Ulster now must face fact dream is finished
Fact: you cannot expect to win professional rugby matches if for 20 of the 80 minutes you are playing with 14 men.
Fact: you cannot continue to alienate a referee — already well known to you for his interpretation of the laws, in particular with regard to what is and is not legal in rucking and mauling — by repeatedly failing to listen to what he is telling you.
Fact: if you are required to counter-attack, you cannot fumble and misfield a succession of high balls.
Fact: at this level you cannot allow your defensive concentration to lapse.
Fact: where you are playing catch-up, you cannot squander chances as a result of sloppy passing by the carrier and/or bad positioning by the would-be receiver.
On Friday night at Parc y Scarlets, Ulster were guilty of all of those things. As a result, their already-faint hopes of qualifying for the Magners League play-offs by virtue of a top four finish are all but gone.
Mathematically it is still possible but in reality it isn’t going to happen.
Loose head prop Tom Court was wholly honest in his assessment when he said: “We didn’t help ourselves with the referee.”
No disputing the factual accuracy of that observation.
Then having trailed 15-0, Ulster appeared to have hauled themselves right back into contention via an Ian Humphreys penalty and a Paddy Wallace try either side of half-time.
But when, with Ulster having just closed to within seven points of parity, persistent offender David Pollock promptly managed to get himself yellow-carded for hands in a ruck, that marked the beginning of the end.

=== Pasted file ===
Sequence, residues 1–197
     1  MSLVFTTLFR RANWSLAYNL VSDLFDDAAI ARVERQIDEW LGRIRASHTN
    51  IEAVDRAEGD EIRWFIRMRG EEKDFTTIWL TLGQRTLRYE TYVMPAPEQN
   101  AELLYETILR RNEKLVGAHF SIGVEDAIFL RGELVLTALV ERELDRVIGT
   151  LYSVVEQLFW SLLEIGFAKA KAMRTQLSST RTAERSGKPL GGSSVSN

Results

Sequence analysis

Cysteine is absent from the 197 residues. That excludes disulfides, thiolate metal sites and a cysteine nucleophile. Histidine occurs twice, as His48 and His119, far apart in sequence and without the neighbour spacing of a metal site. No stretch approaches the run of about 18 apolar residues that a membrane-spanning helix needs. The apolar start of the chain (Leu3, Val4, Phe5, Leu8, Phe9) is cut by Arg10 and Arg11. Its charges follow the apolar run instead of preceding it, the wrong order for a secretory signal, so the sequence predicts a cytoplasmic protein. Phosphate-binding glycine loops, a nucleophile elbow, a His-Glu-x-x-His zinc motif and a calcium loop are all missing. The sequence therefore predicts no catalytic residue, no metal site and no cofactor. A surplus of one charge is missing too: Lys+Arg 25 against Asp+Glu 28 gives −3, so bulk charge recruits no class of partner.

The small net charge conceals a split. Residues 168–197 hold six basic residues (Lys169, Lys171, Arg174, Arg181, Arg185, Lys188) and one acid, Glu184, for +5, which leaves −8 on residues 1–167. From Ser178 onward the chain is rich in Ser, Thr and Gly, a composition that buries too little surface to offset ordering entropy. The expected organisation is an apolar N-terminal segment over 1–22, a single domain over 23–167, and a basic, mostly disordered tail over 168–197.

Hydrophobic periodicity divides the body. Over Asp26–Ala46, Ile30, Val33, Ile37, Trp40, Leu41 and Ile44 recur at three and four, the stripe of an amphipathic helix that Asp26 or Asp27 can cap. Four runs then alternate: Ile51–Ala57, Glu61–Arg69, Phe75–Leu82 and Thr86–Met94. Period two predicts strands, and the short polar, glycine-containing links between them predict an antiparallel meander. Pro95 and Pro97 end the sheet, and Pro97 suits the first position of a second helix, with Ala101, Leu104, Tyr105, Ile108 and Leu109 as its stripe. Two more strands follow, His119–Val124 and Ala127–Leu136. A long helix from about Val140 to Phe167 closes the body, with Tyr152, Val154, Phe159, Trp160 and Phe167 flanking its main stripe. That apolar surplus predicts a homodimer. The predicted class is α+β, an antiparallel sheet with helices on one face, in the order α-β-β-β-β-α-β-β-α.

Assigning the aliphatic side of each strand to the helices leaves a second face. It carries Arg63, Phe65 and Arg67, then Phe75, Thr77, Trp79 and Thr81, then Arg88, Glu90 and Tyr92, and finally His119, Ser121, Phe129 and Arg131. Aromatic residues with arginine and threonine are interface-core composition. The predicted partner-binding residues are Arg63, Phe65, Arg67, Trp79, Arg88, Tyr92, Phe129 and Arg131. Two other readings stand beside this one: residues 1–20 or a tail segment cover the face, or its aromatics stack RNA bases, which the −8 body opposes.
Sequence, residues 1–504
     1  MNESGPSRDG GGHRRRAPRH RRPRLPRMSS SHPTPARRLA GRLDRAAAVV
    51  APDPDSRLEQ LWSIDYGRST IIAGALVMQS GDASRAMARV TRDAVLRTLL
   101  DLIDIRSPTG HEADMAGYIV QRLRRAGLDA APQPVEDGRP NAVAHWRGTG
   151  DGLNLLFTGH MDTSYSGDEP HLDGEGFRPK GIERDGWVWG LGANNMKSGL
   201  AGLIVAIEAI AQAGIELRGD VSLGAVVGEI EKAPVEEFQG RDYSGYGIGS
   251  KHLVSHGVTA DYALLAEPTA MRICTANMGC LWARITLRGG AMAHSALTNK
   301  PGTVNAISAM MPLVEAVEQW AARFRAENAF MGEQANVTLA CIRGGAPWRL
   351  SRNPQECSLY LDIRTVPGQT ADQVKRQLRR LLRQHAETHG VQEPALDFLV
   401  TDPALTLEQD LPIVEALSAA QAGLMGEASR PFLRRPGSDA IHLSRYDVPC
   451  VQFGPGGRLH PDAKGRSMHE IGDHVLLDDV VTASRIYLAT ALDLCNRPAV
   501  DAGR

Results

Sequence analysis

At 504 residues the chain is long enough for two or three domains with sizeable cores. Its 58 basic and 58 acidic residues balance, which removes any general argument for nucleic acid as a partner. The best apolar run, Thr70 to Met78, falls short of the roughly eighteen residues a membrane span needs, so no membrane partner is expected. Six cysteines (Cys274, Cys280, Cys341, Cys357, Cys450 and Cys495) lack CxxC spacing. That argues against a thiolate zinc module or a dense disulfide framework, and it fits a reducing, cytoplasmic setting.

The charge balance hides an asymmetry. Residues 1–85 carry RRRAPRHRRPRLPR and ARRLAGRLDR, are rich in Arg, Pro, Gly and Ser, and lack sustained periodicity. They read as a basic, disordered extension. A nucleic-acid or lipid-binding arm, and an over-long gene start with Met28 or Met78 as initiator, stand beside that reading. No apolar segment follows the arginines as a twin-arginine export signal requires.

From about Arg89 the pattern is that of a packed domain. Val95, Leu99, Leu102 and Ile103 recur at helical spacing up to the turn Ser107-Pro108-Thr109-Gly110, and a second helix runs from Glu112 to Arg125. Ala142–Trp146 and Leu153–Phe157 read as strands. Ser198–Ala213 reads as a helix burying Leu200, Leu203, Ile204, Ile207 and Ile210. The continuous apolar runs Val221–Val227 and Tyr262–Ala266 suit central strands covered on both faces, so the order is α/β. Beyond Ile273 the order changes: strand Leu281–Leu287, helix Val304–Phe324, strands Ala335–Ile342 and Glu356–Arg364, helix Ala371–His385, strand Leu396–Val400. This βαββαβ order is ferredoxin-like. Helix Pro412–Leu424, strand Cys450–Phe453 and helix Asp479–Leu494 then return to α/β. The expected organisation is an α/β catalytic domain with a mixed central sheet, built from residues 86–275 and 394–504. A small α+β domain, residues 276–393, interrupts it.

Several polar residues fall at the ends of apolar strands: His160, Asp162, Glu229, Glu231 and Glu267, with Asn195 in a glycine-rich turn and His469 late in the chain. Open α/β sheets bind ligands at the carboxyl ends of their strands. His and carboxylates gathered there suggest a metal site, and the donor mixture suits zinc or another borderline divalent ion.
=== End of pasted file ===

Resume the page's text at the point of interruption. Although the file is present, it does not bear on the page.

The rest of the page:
Scarlets’ stand-off Rhys Priestland added salt to that particular wound by kicking the resultant penalty to open up a 10-point lead.
And at the start of the final quarter it was Priestland who, in scoring the hosts’ third try, went past Ed O’Donoghue and inside Jamie Smith and Andrew Trimble like they didn’t exist.
Just as his half-back partner, Tavis Knoyle, had seen off Dan Tuohy for the Scarlets’ second try at the end of the first quarter.
Court suggested: “With us having had the same referee (Peter Allen) two weeks ago against the Dragons, he might have assumed that we’d know what he was looking for.
“He probably reckoned we ought to have known what he would penalise and what his hot spots were going to be. So I think it’s fair to say that we didn’t help ourselves with him.”
But the Irish-qualified Australian prop did not lay the blame for Friday night’s defeat at the door of the referee.
“We made too many mistakes,” he admitted. “After our try at the start of the second half we never got any momentum going. We were never able to put them under any real pressure in their 22.
“They kept kicking the ball long to force us back and on the night, for whatever reason, we couldn’t catch it.
“If you aren’t doing that when they kick it at you, it’s very difficult to counter-attack.
“At half-time we felt that provided we stayed relaxed and patient it would be fine and that we’d manage to turn it round. There was no panic.
“But we weren’t able to settle into a rhythm in the second half. We kept making mistakes and we kept conceding penalties which made it impossible for us to put them under pressure and keep them there.
“Not a good night.”